Profile image
Mary-Rachel specialises in mental capacity, community care and housing law, with a focus on children’s rights cases.

Mary-Rachel has a busy Court of Protection practice and regularly acts in cases concerning residence, care and deprivations of liberty.  Mary-Rachel has particular expertise in hoarding cases, where her housing and mental capacity law expertise intersect, and in cases involving children or young adults with autism. Mary-Rachel acts for vulnerable adults, children, their families, and statutory bodies. She is frequently instructed by the Official Solicitor.

Mary-Rachel has a particular interest in disability and children’s rights. She regularly acts in urgent judicial review proceedings for children who are street homeless or otherwise in need of support or accommodation.  She also acts for children in Human Rights Act damages claims against local authorities, including claims arising out of delays by local authorities in issuing care proceedings. She represents disabled children and their parents in judicial review proceedings against local authorities relating to their care packages. 

In 2018, Mary-Rachel was awarded a Pegasus Scholarship by Inner Temple. She travelled to New Zealand for two months to work at YouthLaw, the country’s only dedicated law centre for children and young people. 

Mary-Rachel has contributed to Disabled Children: A Legal Handbook (Legal Action Group, Third Edition, 2020). She also co-authors the Court of Protection updates for Legal Action Magazine.

Mary-Rachel was proud to act as junior counsel in Re: Northern Ireland Human Rights Commission [2018] UKSC 27, a landmark case concerning access to abortion for women in Northern Ireland.

Prior to joining the Bar, Mary-Rachel worked as a paralegal in the youth justice and strategic litigation team at Just for Kids Law. She also worked at Hackney Community Law Centre, where her interest in social welfare law was sparked.

Community Care and Health

Mary-Rachel regularly advises and acts in judicial review proceedings relating to the provision of accommodation and support to vulnerable adults and children, under the Care Act 2014 and Children Act 1989. 

Mary-Rachel also has a growing practice acting for children in Human Rights Act damages claims against local authorities, including claims arising out of delays by local authorities in issuing care proceedings.

Mary-Rachel is happy to undertake work on an urgent basis where required. She frequently acts in urgent judicial reviews for children who are street homeless or otherwise in need of support or accommodation; or for disabled adults without appropriate care packages.  Mary-Rachel is often instructed on behalf of migrant families affected by the exclusions under the Nationality, Immigration and Asylum Act 2002. She has successfully secured interim relief for vulnerable children and their families in a number of claims. Examples include:

  • R (AT & KT) v Lewisham LBC: Claim for judicial review of the local authority’s failure to conduct an assessment under section 17 Children Act 1989 and to provide interim accommodation to a homeless single mother and her young children; settled following the authority’s agreement to conduct an assessment and provide accommodation.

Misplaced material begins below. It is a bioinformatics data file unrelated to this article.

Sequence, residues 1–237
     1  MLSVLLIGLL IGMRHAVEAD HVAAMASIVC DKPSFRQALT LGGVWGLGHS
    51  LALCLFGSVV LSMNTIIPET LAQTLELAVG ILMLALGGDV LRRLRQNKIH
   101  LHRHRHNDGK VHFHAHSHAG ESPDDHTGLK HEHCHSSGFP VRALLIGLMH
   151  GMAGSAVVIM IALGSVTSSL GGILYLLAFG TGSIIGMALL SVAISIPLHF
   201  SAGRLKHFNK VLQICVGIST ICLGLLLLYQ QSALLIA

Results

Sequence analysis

• R (N) v Greenwich [2016] EWHC 2559: Successful judicial review of refusal to provide accommodation under section 17 Children Act 1989 where the mother did not have the right to rent (reported in Legal Action 2016/17, Dec/Jan, 17-21; J.H.L. 2016, 19(5), D71-D72)

Housing and Social Welfare

Mary-Rachel frequently advises and represents tenants in relation to possession proceedings; disrepair; and tenancy deposits.

Her possession work includes defending tenants on a range of public and private law grounds, as well as representing disabled clients or those who lack capacity to litigate. 

Mary-Rachel has particular expertise in hoarding cases, where her housing and mental capacity law expertise intersect. She is frequently instructed by the Official Solicitor.

Court of Protection

Mary-Rachel has a busy Court of Protection practice and regularly acts in cases concerning residence, care and deprivations of liberty. She has also received instructions relating to sex.  Mary-Rachel has particular expertise in hoarding cases, where her housing and mental capacity law expertise intersect, and in cases involving children or young adults with autism. Mary-Rachel acts for vulnerable adults, children, their families, and statutory bodies. She is frequently instructed by the Official Solicitor.

Mary-Rachel recently appeared before Senior Judge Hilder in what was the Court of Protection’s first application seeking authorisation to deprive a 16-year-old of his liberty, without any other s16 MCA issues, following the landmark case of Re D (a child) [2019] UKSC 42.

Mary-Rachel was also recently instructed by the Official Solicitor on behalf of a young man with autism and severe learning disabilities in a contested two-day hearing concerning his deprivation of liberty in the community, and issues around contact with his family. She appeared against several of the young man’s family members, who were acting as litigants in person.  

Mary-Rachel co-authors the Court of Protection updates for Legal Action Magazine.

Public Inquiries

Mary-Rachel was recently instructed as junior counsel (led by Caoilfhionn Gallagher QC), acting for 44 complainant core participants in the Independent Inquiry into Child Sexual Abuse.

Education Law

Mary-Rachel has represented parents and local authorities in appeals against Education, Health and Care Plans in the First-Tier Tribunal. She welcomes instructions in related judicial review proceedings.